I seem to have passed down my high-strung tendencies to at least one of my boys. My teenager, Austin, is all about the production and the overall grand scheme of things. As long as the big picture is fine he isn’t concerned with the details. But, my 11-year-old, Jamison, is a boy after my own heart. Everything in his room has its proper place. Legos are displayed on his shelves just so, John Erickson’s “Hank the Cowdog” books are organized numerically, and his tools always go back to their proper drawers in his tool chest.
My dearest friend is a loveable Yankee. Anita, (who I refer to and consider my sister) was born and bred in Chicago. She lives in Lake Villa, with her husband, Joe, and her 2 boys, Adam and Charlie. After living in Lake Villa for nearly 10 years she can now admit that she lives in the suburbs of Chicago. Suburbia has taken ahold of her, but I can proudly report that she doesn’t drive minivan just yet and still proudly wears her highest heels.
Each year we try to take trips to visit each other. It is usually just one of us flying back and forth for a quick visit, but we relish any time we can get together. We have been friends for nearly 25 years, and whenever we get together we pick up right where we left off. We run the gamut from our younger giggling teenage selves, to newlyweds, and then smack into the throes of motherhood. We have been through it all together. Jamison asked how it was possible that we could remember something that far back. Austin, being ever so clever, responds, “She is just programmed that way. Moms never forget anything. Remember that, Jamison. It will serve you well in the future.” My boys stare at me as they hear the giggles that accompany our phones conversations. As I hang up the receiver they make little witch-like laughing noises in their odd attempt to imitate my laughs.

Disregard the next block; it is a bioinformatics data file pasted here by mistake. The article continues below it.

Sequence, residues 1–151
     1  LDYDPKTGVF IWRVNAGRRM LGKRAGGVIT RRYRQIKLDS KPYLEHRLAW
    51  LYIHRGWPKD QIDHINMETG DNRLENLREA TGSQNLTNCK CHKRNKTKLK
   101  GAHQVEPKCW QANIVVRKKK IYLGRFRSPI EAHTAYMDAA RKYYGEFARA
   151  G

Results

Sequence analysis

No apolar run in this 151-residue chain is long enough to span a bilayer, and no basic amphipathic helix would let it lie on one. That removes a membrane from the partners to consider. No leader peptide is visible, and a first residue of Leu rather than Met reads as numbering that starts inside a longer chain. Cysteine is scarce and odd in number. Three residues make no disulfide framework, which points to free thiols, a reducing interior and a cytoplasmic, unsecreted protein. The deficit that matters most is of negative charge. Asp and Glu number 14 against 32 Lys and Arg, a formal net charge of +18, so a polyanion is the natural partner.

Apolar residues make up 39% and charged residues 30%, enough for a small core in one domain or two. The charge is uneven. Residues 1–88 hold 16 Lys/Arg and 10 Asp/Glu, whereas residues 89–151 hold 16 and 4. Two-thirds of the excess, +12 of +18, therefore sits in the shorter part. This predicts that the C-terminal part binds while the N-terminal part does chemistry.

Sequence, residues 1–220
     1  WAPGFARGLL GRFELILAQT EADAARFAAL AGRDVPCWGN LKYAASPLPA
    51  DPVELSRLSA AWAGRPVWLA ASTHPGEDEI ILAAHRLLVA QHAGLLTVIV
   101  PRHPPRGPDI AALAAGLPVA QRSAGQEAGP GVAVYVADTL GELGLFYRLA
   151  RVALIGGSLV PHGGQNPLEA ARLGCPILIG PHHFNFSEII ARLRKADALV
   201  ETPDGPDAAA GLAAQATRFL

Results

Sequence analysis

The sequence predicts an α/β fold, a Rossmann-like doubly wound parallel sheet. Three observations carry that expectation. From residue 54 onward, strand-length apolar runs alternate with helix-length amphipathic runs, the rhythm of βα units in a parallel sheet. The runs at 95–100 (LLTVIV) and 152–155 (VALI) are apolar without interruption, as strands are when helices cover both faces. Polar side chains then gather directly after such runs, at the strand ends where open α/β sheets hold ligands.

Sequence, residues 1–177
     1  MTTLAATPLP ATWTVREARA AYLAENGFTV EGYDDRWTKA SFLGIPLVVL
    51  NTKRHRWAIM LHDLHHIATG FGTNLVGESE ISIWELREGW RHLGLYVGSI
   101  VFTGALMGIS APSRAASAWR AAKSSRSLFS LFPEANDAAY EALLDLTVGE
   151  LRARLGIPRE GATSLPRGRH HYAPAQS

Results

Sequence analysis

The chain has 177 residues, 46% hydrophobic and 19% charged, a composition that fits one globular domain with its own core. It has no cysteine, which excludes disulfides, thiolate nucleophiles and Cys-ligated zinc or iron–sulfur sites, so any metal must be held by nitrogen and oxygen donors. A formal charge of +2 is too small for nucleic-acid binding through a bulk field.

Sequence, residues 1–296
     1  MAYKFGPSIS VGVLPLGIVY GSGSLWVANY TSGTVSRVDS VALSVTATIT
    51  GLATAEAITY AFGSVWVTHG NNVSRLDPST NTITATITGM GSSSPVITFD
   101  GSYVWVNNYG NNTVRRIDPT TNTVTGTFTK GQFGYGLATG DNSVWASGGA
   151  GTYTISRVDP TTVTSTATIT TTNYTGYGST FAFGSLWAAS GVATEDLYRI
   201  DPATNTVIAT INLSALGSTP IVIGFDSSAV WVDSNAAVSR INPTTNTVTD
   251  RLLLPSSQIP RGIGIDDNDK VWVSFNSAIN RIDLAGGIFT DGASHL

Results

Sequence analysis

All 4 of our children have never met each other and we consider this an immense travesty, and one that Anita sat out to rectify. The summer heat is a little too intense for some “Northerners” so when we started planning a family get together, fall seemed the right time. Somehow it all came about that her family will be joining us for Thanksgiving. The fact that it is deer season also had a certain appeal to her outdoor appreciating husband. Nearly 3 years ago Anita’s cousin, her husband, and her 2 children saw the light and became honorary Texans. They moved to Houston. So it would only be right and quiet Southern of me to extend an invitation for everyone to attend Thanksgiving on the ranch. Our quiet, little family Thanksgiving will be turned on its ear, and we are all so thrilled for the change of pace.
The boys immediately got excited as they plan to sit in the deer blinds with all the boys showing them how to pass the boredom by squishing the Daddy Long Legs spiders. “If you press the body between your fingers they kind of ‘pop,’” said Jamison with absolutely no signs of arachnophobia. Plans were hatched to introduce their “cousins” to our Brahman Divas, the horses, the joys of wide open spaces, the possibly hot Thanksgiving weather, and how boots are actually the most perfect footwear and go with everything especially shorts. Jamison and Austin did express some concern that the Yankees might alter their Texan “y’alls” to the popular Yankee “you guys.” But the boys are adamant that they can resist that and will fight hard to keep their Texas accents intact.
As you can imagine I have already started planning Thanksgiving, and yes, I realize that it is only May. Various menus have been planned and printed, table arrangements discussed, and a “Countdown to Thanksgiving” timeline has already been streamlined and hangs proudly on my refrigerator. Then the house sprucing up commences. Austin and Jamison had a strength competition dragging some chairs into Carmona’s, where Jesse Carmona is the most patient upholsterer on Earth. Popsy has jumped in and is teaching the boys and me the proper way to refinish our “new” dining room table. John doesn’t even comment anymore, he lovingly accepts the whirlwind that he sees constantly spinning around the house. However, the boys haven’t learned just yet.
“Mom, this is all a little early – even for you,” Austin sighs and rolls his eyes.
“Yes, yes, it might be,” I contemplate, “but grab the silver service set, here’s the polish, and we can discuss all of this while you are polishing.”
The wise beyond his years, Jamison, takes in the scene. “You see Austin, you shouldn’t have said anything. If you stop her and ask questions she will always find something for you to do. Look at Dad’s approach. Don’t acknowledge the craziness. She lives for this stuff.”